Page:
The Pathogenesis of Systemic Sclerosis
Systemic sclerosis (SSc), also known as scleroderma, is a rare connective tissue disease characterized by vascular and immune dysfunction, leading to fibrosis that can damage multiple organs. Its pathogenesis is complex and poorly understood. Two major clinical subtypes are the limited and diffuse forms. Research into SSc has been hampered by its rarity, its clinical heterogeneity, and the lack of mouse models that accurately recapitulate the disease. Clinical and basic studies have yielded some mechanistic clues regarding pathogenesis. Recent insights gained through the use of microarrays have revealed distinctive subsets of SSc within and beyond the limited and diffuse subsets. In this review, we discuss potential mechanisms underlying the vascular, autoimmune, and fibrotic points of dysregulation. Proper categorization of SSc patients for research studies by use of microarrays or other biomarkers is critical, as disease heterogeneity may explain some of the inconsistencies of prior studies.
Available from: arthritis-research.com
- "Combined with the consistent targeting of PB/SG described here spanning all SSc patients, these data suggest a basic model in which disease-specific pathologies give rise to specific autoantibodies. Strong induction of SGs is observed in response to cellular stresses, including oxidative stress and ischemia, two well-established phenomena in SSc. SG/PB are also readily induced in response to the tumor microenvironment , consistent with recent evidence linking RNAP3- positive SSc and cancer[5,30]. "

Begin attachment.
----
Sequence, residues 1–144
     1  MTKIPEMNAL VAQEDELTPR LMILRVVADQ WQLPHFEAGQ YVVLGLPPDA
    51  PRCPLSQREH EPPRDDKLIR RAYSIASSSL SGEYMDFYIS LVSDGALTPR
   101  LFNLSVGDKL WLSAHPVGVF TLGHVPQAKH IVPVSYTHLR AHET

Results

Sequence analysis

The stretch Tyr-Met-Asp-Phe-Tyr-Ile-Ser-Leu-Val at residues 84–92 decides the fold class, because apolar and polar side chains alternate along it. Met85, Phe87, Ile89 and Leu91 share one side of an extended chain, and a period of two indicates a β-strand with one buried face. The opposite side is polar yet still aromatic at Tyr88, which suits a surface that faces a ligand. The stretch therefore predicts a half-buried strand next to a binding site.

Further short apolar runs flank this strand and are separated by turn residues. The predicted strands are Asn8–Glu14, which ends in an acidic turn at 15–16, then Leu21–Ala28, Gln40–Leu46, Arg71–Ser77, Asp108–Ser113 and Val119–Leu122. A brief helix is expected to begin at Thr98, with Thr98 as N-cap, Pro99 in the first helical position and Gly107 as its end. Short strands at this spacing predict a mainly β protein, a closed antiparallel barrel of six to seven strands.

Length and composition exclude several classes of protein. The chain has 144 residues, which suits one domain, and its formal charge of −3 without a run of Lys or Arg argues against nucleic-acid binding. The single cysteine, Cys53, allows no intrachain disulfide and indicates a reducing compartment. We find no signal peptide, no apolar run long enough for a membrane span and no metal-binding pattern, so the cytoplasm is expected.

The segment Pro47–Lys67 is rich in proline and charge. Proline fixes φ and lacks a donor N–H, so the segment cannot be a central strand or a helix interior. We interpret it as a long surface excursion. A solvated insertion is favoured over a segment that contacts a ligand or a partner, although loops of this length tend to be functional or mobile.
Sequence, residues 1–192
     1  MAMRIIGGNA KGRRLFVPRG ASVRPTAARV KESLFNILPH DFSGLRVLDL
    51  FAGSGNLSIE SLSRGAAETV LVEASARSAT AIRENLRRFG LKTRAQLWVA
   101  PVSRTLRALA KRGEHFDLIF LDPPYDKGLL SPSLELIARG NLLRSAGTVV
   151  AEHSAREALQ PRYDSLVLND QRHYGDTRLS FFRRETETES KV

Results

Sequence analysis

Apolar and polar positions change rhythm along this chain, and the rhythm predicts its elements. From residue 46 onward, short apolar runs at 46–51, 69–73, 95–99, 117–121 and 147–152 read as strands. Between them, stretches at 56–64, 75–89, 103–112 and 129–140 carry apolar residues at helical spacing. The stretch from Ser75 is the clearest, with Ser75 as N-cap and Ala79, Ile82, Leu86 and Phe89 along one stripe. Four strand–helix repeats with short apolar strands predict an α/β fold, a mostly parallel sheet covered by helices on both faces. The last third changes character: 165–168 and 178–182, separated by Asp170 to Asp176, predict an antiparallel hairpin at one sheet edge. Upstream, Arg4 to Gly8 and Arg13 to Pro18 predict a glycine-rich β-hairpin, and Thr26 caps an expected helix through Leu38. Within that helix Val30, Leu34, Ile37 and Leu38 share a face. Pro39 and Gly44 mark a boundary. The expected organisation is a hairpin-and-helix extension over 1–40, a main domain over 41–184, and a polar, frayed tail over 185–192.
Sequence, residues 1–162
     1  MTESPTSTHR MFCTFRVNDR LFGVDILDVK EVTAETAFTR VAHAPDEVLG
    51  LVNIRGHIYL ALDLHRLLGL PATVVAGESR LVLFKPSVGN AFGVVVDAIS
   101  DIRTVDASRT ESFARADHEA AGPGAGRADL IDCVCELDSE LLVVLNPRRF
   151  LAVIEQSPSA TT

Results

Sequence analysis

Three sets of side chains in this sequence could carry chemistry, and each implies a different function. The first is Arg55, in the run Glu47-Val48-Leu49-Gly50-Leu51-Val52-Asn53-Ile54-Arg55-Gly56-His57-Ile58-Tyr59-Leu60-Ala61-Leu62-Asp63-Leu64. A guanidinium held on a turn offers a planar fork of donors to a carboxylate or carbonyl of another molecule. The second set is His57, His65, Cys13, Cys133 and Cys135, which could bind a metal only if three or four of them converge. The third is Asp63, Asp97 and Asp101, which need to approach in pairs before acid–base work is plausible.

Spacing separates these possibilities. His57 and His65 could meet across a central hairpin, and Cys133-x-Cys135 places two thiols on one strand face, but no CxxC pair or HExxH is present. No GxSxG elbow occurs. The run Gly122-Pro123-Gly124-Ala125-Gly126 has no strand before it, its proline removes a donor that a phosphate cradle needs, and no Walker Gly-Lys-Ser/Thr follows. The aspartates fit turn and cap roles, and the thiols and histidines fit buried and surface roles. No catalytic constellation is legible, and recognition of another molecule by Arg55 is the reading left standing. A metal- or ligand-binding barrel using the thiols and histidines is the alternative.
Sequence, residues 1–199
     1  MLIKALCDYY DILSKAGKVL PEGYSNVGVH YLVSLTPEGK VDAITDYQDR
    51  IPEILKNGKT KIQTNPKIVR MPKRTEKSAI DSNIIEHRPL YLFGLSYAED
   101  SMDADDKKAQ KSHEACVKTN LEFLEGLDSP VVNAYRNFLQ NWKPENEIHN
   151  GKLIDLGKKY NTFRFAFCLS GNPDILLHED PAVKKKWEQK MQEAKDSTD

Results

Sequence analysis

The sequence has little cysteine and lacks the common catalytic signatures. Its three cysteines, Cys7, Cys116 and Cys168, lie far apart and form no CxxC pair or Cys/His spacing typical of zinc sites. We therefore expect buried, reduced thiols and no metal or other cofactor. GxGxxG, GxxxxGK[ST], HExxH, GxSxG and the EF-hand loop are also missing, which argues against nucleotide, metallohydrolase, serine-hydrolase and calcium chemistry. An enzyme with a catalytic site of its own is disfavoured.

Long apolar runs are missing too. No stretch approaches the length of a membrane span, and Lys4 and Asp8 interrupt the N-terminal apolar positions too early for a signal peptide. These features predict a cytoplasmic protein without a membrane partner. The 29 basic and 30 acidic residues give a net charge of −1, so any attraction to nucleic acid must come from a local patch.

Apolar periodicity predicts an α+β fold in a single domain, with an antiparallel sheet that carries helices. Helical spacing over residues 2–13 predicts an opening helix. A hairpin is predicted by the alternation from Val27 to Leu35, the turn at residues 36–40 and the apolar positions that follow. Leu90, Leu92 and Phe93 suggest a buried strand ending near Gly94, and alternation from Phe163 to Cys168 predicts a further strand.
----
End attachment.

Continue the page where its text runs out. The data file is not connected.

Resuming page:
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ABSTRACT: Autoantibody profiles represent important patient stratification markers in systemic sclerosis (SSc). Here, we performed serum-immunoprecipitations with patient antibodies followed by mass spectrometry (LC-MS/MS) to obtain an unbiased view of all possible autoantibody targets and their associated molecular complexes recognized by SSc.
HeLa whole cell lysates were immunoprecipitated (IP) using sera of patients with SSc clinically positive for autoantibodies against RNA polymerase III (RNAP3), topoisomerase 1 (TOP1), and centromere proteins (CENP). IP eluates were then analyzed by LC-MS/MS to identify novel proteins and complexes targeted in SSc. Target proteins were examined using a functional interaction network to identify major macromolecular complexes, with direct targets validated by IP-Western blots and immunofluorescence.